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My Experience of Trusting My Body with Neurological Conditions- By Hannah Frost

You can also Listen to Hannah's Blog Post on Spotify: https://open.spotify.com/episode/6gnD5lTvXgaiopqzwxxgGO?si=7P9YuuNhRmyj_PcqqS48Lg


I have two neurological conditions. Functional Neurological Disorder, a condition that means my brain doesn’t always connect to my body and Chronic Migraine.


These conditions have resulted in an interesting relationship with my body when it comes to trust. Sometimes I find I trust my body too much. I’m overconfident because I forget my disabilities and how they may affect me. I’ll think I can walk on uneven terrain without falling, go for a run without falling, and do exercises that were easy for me a few years ago. This is especially the case when I experience a rapid change in my level of disability, which has happened with both my FND and my Chronic Migraine. However, I also experience the opposite when it comes to trust. I’ll trust my body less and feel anxious about going to new places. What if it’s too busy and I get dizzy and disoriented? What if I fall in public? Even worse, what if I start convulsing and having what are potentially non-epileptic seizures when people are around?


I have memories of that time I was working at a summer school. I was walking back from dinner and got overwhelmed by dizziness, and ended up on the floor barely conscious and convulsing periodically. When I have these episodes I can hear what is going on around me but I can’t respond or control my movements. I remember hearing my manager who was on the phone with 111 at the time saying I was seizing. I remember how many people were around me. I remember not liking that all of the attention was on me. I remember being unable to do anything about the fact that I was on this car park floor. I remember ultimately having to leave that albeit temporary job because of what happened and concerns over my health. I now worry about that happening again so much so that I use all my energy to stay upright when I’m out, often only to literally collapse once I’m in the safety of my bedroom.


Ultimately, I don’t trust my body to not betray me in public. As my conditions often fluctuate, my lack of trust here means that in periods when I have been doing better and I can comfortably walk around town, explore a new area or go to the gym, I would often still get anxious about this until I was a couple of months into getting better. Often for my body to then deteriorate again not long after. I would finally get to the point of trusting my body and it would then tear my function away from me again, pretty much overnight.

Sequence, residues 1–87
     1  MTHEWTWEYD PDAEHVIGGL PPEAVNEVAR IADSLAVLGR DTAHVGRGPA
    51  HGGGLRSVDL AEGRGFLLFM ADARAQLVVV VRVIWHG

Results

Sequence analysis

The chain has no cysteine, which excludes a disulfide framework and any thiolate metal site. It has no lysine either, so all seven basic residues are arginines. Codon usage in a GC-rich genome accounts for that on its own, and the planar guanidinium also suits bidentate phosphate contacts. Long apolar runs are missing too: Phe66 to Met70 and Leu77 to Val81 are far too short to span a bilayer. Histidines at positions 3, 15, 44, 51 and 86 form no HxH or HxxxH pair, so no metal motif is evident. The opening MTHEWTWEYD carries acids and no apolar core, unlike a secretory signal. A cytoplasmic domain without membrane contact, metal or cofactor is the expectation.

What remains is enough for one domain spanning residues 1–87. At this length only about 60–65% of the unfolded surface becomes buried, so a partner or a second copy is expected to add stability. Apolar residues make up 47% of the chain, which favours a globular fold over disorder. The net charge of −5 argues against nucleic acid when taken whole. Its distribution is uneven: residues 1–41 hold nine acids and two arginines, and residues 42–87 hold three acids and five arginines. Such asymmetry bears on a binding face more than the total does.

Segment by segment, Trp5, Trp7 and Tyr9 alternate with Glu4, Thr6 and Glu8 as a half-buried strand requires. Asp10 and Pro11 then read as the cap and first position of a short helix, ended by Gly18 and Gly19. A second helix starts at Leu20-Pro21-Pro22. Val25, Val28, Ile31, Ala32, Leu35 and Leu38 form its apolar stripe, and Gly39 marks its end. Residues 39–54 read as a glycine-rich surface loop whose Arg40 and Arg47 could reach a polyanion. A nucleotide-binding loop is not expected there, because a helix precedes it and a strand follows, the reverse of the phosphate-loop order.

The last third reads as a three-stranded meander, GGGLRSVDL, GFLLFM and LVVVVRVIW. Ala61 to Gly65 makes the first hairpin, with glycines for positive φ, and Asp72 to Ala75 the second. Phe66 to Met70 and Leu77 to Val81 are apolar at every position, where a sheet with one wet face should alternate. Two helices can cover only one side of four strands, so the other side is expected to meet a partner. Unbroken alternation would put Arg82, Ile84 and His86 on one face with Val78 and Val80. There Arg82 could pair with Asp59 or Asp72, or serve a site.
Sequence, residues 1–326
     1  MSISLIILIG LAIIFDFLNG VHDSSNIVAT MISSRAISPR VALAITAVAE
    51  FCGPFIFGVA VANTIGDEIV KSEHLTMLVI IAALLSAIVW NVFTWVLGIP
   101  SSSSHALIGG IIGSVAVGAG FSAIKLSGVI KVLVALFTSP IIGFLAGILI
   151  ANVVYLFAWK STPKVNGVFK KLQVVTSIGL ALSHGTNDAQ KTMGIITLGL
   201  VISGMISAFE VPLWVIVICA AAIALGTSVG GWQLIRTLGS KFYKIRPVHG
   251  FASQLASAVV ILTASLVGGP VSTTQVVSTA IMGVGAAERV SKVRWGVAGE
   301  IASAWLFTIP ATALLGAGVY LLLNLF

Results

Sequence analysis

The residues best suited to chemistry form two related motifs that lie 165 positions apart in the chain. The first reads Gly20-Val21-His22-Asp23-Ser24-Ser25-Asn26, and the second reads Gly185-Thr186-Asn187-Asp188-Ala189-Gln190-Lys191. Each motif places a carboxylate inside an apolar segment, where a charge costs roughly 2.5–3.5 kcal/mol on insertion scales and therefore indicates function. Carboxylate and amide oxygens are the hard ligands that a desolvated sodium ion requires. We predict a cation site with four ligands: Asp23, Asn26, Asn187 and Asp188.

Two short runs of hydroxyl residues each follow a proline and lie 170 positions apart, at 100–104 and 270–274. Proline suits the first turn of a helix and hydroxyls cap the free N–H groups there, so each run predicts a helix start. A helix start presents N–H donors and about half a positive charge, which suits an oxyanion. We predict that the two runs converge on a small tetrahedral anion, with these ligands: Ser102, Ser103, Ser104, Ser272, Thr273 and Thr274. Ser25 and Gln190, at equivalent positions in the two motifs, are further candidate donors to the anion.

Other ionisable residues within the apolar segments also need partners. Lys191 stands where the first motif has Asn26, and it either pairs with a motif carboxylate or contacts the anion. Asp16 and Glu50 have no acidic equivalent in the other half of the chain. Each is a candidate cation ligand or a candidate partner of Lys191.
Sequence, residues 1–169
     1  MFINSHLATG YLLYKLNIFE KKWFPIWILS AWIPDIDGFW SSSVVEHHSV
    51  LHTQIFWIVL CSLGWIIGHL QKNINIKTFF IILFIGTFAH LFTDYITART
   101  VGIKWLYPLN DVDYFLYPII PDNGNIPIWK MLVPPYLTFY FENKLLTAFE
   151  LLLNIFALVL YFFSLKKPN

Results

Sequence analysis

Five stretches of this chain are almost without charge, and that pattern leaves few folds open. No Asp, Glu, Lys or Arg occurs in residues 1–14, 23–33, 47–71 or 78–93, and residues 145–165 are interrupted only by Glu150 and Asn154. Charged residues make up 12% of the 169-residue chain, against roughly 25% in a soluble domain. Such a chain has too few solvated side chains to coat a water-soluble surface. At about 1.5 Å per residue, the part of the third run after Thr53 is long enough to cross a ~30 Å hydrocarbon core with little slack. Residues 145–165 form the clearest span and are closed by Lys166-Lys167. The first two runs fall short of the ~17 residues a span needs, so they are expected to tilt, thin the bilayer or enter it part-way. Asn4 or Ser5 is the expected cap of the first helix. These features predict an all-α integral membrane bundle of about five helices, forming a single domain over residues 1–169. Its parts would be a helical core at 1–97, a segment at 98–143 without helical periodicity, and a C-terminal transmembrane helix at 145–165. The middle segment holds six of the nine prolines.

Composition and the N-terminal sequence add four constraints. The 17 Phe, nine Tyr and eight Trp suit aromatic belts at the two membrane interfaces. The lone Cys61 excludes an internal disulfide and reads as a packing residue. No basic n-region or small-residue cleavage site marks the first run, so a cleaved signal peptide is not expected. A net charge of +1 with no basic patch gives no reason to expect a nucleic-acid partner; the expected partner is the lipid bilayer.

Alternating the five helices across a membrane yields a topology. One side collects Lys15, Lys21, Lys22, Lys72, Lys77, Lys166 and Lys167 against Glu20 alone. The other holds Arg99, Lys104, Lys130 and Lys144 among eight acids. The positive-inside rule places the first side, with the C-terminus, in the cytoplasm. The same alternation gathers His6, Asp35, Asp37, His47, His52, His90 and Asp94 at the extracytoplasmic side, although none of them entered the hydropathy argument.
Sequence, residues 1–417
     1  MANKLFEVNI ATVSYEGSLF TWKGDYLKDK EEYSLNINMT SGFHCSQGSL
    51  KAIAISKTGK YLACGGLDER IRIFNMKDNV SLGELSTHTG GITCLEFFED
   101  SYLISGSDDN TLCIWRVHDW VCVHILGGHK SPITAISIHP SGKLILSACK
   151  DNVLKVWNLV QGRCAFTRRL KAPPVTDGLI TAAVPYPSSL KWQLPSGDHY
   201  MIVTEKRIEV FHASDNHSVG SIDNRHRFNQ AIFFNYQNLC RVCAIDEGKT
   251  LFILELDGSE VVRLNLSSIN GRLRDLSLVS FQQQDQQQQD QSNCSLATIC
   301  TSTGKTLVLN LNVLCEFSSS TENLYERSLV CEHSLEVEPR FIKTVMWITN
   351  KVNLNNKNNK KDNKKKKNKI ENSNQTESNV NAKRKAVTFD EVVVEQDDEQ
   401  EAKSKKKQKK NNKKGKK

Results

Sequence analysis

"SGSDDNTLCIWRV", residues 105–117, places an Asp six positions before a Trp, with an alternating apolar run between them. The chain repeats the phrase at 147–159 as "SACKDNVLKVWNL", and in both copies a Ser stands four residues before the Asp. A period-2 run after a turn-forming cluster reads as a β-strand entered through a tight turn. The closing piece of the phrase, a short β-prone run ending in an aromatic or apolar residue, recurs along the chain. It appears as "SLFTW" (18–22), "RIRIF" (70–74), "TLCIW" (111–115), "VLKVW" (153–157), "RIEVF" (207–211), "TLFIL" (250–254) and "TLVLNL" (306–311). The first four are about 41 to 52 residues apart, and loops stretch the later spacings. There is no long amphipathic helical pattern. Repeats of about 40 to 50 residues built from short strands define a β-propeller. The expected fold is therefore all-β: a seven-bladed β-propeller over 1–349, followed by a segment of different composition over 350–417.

Understandably to regain trust and often lose it, and to over trust and not be able to do something can be discouraging. It can be scary and it can lead to feeling like you are walking on eggshells, never knowing what to do, or where to spend your energy. It can lead to overthinking everything. This experience has also taught me not to get my hopes up. If I have a good couple of days or weeks I am always wondering when it will come to an end, knowing it is likely to be sooner rather than later.


Instead of feeling worried and anxious, I should really be enjoying these days. But the reality is that is easier said than done.


Despite all the difficulties with trust, I have found some ways to regain a little bit of trust in my body. I’ve had to learn what muscles I need to activate to stay upright if the bus driver zooms off before I sit down. Sometimes they even do this when I have my crutches. Along similar lines, I’ve had to learn what muscles I need to activate when standing on the London Underground so I don’t cause human dominoes. This has made me feel like I am taking back some control. I feel most at ease when I can do something proactive to improve my function or my symptoms so being able to take back control is key to helping me trust my body that little bit more than I would otherwise.


When it comes to my Chronic Migraine, taking back control and doing what I can to improve the situation has also helped me have more trust in my body. Knowing that I have a toolkit of things I can use to help reduce symptom severity is a comfort to me.


The bottom line is that when your symptoms make things that were once easy, difficult or impossible, or cause you to not be in full control of your body, it is difficult. It is natural to lose trust in your body, to either over or underestimate your body's capability, or maybe like me do a little bit of both. But despite this, you can do things that help you find that little bit of trust. Be it taking back some control, which helps me or something else that works for you!





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